The overall assessment shows that the CES category recreation was perceived as most important, with a mean value of 4.03. The second rank was reached by the importance of aesthetics (3.91), followed by a sense of place (3.79). The least important CES was cultural heritage (2.45; Fig. 3). The mean importance across 10 CES categories was 3.33. Among green spaces, rooftop gardens were considered most important in providing CES (Fig. 4), with a mean importance value of 4.22, followed by green parks (4.06), and gardens (3.89).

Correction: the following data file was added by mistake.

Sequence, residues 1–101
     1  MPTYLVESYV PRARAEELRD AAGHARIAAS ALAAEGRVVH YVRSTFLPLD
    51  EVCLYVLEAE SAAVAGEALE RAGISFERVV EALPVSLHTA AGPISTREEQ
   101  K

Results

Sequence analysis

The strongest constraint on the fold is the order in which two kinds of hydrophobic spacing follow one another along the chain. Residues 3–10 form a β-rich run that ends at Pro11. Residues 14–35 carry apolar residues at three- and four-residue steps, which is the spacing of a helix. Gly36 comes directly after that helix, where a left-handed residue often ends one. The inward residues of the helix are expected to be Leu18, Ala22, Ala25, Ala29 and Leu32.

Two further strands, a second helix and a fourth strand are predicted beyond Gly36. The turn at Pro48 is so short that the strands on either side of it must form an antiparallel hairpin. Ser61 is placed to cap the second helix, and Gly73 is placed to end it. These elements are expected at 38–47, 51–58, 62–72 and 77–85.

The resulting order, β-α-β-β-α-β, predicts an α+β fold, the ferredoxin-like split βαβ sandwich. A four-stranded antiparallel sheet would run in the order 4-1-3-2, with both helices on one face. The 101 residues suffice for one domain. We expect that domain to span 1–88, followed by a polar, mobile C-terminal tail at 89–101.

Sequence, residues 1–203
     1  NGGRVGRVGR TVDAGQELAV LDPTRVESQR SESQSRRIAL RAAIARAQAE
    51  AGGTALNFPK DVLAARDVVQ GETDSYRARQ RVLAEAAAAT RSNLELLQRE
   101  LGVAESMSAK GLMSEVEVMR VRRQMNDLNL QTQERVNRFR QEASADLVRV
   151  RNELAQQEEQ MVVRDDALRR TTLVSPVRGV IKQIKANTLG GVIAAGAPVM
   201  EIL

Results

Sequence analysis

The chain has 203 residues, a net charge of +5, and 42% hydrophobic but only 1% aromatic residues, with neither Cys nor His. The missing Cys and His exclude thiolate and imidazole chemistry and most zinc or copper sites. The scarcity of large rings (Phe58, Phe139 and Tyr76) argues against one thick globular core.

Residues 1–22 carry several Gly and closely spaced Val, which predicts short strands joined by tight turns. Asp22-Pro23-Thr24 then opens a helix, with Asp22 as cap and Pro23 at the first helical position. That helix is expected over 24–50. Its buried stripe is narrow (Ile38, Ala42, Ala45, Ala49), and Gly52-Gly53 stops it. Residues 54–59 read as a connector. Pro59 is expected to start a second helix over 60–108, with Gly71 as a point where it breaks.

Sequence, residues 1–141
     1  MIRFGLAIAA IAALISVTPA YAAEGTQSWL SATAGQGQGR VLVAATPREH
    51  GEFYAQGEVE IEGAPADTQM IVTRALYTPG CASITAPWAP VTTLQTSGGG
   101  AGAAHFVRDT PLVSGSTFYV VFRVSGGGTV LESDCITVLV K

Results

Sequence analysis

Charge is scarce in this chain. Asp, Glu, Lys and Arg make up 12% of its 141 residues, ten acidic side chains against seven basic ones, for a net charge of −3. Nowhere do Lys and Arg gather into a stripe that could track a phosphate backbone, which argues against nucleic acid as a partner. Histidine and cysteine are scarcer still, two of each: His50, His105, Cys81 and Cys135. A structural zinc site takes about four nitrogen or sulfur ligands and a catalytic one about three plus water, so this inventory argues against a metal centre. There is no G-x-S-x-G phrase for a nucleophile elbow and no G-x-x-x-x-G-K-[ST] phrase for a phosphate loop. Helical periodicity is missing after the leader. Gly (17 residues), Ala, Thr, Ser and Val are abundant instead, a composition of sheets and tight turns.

Bivariate correlations between the perceived importance of categories of CES revealed several sets of services, including two prominent ones (Fig. 5). The first and most prominent set includes relationships between natural awareness, religious and spiritual, and cultural heritage, with each relationship achieving a Pearsons r greater than 0.60. Mental satisfaction, sense of place, and aesthetics form the second set of related categories (with Pearsons r values ranging from 0.30 to 0.60). Other sets with r values above 0.30 include education and learning and social cohesion or recreation, and inspiration and cultural heritage. Some other weakly bound sets (Pearsons r <0.30), including inspiration, religious and spiritual, and education and learning, were also revealed. Individual CES categories tended to correlate positively with each other, but some correlations between categories were negative (e.g., natural awareness and recreation).